Another instance where I felt the film strayed into dangerous territory was the way that Seb pushed Mia to pursue her dreams. He suggests that she write a play – which she does, a one-woman show – and later in the film, when she has basically given up on acting, he persuades her to go for a major audition. I think the only reason I was willing to give this a pass is because she does the same for him. When he joins Keith’s band and she realizes what a commitment it is, she questions if it is really what he wants. A romantic dinner turns into a major argument as she worries that he has given up on the dream of his jazz club to play music he doesn’t even like that much. In the end, it isn’t about the man saving the woman from herself, it’s about the two of them bringing out the best (and the worst) in each other.
La La Land shines best in its song and dance numbers. The first half of the movie was bright and engaging, choreographed dance numbers involving lots of color and movement and atmosphere. “Someone in the Crowd” was both hopeful and not, and “A Lovely Night” could have been lifted from a Fred Astaire/Ginger Rogers picture. Once we get into the meat of Seb and Mia’s relationship, however, the film starts to stagger and loses its pacing a bit. The last third of the movie dragged because it was light on the music and more focused on the drama.
Other checks in the plus column are the cinematography, the wardrobe, and the score. Justin Hurwitz scored the film as well as the songs, and the music alone is just as important as the songs. Director Damien Chazelle did a fantastic job using camera shots and angles to help define the tone of the film. Sweeping shots and seamless montages help evoke the nostalgia for old-school Hollywood as well as the dream-like aspect of the whole story. Last but not least, the wardrobe is phenomenal. Stone’s in particular is great, starting out vibrant and colorful and gradually becoming more subdued as the film goes on. In fact, both the wardrobe and the setting mimic the characters’ arcs; pay specific attention to the walls of Seb’s apartment.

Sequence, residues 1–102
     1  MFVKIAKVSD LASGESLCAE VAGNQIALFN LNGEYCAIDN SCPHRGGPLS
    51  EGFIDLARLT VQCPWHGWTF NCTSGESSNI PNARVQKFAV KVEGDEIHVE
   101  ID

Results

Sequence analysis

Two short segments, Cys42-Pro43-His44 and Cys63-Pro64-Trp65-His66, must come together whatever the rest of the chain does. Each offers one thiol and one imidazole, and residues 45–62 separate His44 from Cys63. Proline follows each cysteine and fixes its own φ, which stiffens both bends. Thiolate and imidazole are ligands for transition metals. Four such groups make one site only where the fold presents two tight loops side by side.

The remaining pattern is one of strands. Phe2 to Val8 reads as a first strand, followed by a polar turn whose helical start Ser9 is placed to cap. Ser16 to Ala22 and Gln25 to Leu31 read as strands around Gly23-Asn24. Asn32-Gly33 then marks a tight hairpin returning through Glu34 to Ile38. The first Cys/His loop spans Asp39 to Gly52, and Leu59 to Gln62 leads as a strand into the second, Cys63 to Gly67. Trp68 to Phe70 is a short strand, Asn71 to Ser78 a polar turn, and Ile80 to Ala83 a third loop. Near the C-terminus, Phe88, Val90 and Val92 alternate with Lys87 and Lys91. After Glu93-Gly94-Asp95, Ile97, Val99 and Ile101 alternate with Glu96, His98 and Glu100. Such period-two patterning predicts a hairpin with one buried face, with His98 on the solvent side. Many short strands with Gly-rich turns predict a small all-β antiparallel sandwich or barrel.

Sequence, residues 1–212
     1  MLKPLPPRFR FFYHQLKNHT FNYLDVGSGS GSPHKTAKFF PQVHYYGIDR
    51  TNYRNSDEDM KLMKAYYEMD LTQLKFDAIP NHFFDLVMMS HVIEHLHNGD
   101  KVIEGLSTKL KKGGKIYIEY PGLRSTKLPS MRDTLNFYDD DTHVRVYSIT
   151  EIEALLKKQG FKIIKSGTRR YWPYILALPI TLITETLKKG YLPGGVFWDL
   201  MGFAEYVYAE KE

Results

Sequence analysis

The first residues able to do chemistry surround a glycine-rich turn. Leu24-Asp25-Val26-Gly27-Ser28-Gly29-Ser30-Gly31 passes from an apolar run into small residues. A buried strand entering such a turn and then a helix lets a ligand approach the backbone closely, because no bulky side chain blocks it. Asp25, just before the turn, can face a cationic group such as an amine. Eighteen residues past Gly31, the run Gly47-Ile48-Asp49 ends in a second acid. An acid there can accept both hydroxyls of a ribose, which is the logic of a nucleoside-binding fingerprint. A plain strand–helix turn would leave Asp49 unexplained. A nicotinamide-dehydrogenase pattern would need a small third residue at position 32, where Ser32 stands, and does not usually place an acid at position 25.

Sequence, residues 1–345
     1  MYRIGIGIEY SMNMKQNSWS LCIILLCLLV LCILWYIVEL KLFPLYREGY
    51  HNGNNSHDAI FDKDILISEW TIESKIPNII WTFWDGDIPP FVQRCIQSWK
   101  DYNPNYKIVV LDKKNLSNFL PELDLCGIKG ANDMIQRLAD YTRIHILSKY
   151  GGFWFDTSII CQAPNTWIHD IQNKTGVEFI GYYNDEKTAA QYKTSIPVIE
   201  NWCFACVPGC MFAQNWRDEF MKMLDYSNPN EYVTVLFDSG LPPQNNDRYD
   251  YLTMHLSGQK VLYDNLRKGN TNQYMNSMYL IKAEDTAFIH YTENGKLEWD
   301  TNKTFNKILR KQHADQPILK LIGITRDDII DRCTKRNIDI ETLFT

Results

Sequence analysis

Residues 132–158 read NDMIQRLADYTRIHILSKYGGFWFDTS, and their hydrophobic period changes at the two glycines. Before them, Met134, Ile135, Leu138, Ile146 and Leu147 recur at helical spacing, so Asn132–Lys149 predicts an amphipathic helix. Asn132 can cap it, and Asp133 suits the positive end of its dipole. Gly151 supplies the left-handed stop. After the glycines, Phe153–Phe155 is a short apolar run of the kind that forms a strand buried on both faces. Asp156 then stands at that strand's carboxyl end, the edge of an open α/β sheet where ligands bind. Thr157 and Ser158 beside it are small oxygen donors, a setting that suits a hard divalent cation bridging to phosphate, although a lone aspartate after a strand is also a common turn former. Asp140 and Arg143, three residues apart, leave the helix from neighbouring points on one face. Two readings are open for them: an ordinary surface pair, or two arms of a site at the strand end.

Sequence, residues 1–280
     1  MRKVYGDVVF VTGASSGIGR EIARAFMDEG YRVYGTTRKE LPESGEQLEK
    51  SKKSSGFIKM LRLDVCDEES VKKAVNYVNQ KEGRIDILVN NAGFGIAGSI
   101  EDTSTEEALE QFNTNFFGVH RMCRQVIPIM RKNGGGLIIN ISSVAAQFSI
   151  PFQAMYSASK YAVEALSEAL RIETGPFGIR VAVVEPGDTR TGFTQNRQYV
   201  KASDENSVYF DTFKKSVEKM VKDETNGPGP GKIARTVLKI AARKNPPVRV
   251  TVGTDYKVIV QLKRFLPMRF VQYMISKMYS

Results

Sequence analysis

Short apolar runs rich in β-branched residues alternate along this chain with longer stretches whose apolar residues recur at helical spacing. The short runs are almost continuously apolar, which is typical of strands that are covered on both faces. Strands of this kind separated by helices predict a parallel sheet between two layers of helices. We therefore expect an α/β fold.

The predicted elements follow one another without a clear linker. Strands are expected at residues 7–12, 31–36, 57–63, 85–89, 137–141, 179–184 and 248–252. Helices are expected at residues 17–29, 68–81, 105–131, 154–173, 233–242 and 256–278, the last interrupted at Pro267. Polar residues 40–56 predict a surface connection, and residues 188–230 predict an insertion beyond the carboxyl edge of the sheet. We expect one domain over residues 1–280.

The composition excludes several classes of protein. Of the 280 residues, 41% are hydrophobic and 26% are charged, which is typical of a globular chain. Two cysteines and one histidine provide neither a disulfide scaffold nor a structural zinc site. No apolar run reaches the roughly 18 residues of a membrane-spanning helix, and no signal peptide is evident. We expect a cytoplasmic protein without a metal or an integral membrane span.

La La Land was an immensely enjoyable experience, a perfect marriage between past, present, and future. If you’re a fan of the classic MGM musicals, I highly recommend that you see this film. I’ve had kind of an emotional week, and this was just what I needed.
La La Land is currently playing in Los Angeles and New York City. It opens in additional cities December 16 and everywhere January 6. Click here to see when it’s opening in your neck of the woods.
Jamie has a BA in English with a focus in creative writing from THE Ohio State University. She is currently an archivist and lives in New York City with her demon ninja vampire cat. She covers television, books, movies, and conventions in the NYC area.